There has been much talk about diversifying the Nigerian economy especially since the fall in oil prices that plunged the country into a recession. The tech industry is regarded by many as the future of the Nigerian economy, after all, tech is said to be the new oil, right?
Yet even during the oil boom, we didn’t reap maximum returns because we exported the same oil we produced only to import refined oil. Today there is a similar trend in the tech sector. Despite the dearth of quality tech talent in the Nigerian ecosystem, a good portion of our talented developers are employed by foreign companies while many companies and organisations in Nigeria still give preference to foreign software and technical talent.
While it certainly feels good to know that some of our local developers excel abroad, it undoubtedly hinders the much-needed growth of our budding tech industry which is still struggling to build its talent base.
According to a CcHub report, companies struggle to fill tech vacancies due to lack of skilled technical talent. Despite a large pool of human capital, our inability to process adequate skilled talent and retain them is a big problem.
Andela, one of the notable solutions, that is bridging the tech talent gap in the country is not a Nigerian company. Also, it’s no news that Andela developers work mainly for foreign clients remotely. There is no reason Nigeria cannot replicate proven solutions like Andela even in other areas of technology apart from software engineering.
Billions of looted funds in the news daily has proven that monetary resources exist to do this if we want. Just the same way we could have built or fixed our own refineries long ago if we only had the vision.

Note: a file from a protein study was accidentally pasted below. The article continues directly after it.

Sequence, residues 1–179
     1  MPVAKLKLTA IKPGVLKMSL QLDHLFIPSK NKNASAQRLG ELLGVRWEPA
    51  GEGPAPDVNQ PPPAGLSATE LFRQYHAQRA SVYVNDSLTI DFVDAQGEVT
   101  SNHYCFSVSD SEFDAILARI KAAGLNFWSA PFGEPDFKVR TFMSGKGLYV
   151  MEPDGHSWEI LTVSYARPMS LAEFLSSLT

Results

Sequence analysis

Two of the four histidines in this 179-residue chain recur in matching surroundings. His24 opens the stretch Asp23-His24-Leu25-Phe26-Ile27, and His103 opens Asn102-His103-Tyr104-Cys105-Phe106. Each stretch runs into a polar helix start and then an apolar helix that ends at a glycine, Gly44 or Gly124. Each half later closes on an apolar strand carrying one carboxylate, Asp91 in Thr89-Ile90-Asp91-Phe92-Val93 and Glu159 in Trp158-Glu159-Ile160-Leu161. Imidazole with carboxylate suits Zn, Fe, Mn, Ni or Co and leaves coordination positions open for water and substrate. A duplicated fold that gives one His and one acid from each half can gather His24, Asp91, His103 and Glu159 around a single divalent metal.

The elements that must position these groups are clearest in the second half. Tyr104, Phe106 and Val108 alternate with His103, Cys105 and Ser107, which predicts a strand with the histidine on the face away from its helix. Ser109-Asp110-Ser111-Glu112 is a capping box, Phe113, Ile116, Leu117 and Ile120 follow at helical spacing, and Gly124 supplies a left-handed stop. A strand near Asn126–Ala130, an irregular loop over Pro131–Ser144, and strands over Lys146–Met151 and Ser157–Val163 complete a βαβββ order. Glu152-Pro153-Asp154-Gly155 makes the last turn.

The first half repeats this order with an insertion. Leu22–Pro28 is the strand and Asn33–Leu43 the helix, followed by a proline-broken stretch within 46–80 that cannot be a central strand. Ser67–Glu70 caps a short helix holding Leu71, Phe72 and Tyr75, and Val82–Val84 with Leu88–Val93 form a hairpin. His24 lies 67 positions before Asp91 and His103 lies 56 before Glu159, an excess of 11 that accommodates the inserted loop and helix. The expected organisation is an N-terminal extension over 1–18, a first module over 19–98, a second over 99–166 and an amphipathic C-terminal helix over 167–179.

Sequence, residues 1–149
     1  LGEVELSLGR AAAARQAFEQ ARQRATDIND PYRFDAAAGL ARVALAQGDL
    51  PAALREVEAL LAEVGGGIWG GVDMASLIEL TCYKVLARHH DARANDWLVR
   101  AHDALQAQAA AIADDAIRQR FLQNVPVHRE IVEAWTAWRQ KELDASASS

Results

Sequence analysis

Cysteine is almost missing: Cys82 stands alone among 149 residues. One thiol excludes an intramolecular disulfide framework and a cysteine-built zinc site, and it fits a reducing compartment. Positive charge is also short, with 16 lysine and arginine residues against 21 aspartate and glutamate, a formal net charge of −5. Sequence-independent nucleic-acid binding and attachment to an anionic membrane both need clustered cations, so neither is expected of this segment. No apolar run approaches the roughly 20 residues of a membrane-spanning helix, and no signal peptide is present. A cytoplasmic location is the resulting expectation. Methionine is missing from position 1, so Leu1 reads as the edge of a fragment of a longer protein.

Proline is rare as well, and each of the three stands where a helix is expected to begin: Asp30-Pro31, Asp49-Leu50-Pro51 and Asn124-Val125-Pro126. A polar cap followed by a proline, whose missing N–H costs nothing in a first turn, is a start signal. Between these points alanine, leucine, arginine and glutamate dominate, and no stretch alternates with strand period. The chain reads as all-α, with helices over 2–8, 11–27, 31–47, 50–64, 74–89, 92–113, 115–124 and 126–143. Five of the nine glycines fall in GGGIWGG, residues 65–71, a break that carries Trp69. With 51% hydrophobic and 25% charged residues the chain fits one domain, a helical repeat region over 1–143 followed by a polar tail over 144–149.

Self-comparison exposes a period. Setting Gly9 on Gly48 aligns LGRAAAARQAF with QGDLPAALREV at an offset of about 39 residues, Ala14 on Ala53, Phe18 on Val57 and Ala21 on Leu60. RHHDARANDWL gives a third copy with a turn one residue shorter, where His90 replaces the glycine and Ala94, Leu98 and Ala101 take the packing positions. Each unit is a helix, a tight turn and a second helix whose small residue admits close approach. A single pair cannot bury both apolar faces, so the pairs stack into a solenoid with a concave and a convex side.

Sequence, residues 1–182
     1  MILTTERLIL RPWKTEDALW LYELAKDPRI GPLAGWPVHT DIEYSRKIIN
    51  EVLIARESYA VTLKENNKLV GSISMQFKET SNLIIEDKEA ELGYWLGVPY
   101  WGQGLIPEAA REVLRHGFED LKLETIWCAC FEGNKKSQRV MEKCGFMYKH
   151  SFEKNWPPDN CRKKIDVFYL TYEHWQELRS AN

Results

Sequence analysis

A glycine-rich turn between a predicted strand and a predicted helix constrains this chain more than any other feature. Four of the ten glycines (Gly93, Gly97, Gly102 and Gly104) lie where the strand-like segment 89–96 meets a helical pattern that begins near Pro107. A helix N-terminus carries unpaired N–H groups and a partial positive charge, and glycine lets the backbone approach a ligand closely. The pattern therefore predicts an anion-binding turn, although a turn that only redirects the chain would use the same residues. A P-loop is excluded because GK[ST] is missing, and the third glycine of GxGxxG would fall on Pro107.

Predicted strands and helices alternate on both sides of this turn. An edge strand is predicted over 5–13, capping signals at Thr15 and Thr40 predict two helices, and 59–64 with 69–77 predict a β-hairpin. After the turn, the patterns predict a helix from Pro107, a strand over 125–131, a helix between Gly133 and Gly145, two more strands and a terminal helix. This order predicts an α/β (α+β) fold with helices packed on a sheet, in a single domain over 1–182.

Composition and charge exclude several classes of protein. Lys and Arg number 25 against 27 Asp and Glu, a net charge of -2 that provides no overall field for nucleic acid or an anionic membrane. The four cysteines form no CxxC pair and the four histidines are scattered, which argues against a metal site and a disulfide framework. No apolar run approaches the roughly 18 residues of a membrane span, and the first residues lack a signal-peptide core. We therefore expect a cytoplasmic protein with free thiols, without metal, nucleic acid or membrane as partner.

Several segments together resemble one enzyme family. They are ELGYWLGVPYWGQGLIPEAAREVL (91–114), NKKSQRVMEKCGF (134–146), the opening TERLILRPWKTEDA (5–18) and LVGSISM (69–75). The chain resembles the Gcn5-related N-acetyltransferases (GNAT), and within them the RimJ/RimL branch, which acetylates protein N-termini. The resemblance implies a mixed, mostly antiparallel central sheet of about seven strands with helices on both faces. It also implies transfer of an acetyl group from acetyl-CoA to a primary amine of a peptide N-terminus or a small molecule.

Mr. Aderemi Adejumo, an IT professional who has had vast experience working at home and abroad said this in an interview with Techpoint. “We work so hard in Nigeria but in England, you don’t have to work as hard as you work here, yet your reward is bigger and people appreciate you better”.
This is not unique to England, it is general knowledge that tech workers work under unfavourable conditions in Nigeria compared to their peers around the world. Despite low earnings, many of these developers are also expected to be “Jack of all trades” as some employers expect them to be proficient in many diverse areas to cut costs even further. So is it surprising that professionals seek better opportunities outside Nigeria?
However, If we must catch up with the pace of technological advancements in the world, we will need more top tech talent creating useful solutions to solve our own problems.
Speaking to Techpoint during a briefing, Acting National Coordinator of the Office for ICT Innovation and Entrepreneurship (OIIE), Dr. Amina Sambo-Magaji says that the agency is currently working on an ICT innovation policy that will include the regulation of the migration of tech talent abroad.
While we wait to see how this policy will pan out, it has become pertinent to figure out more ways to build more talent and make the tech industry in Nigeria more attractive.
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Writer. Interested in EdTech and tech careers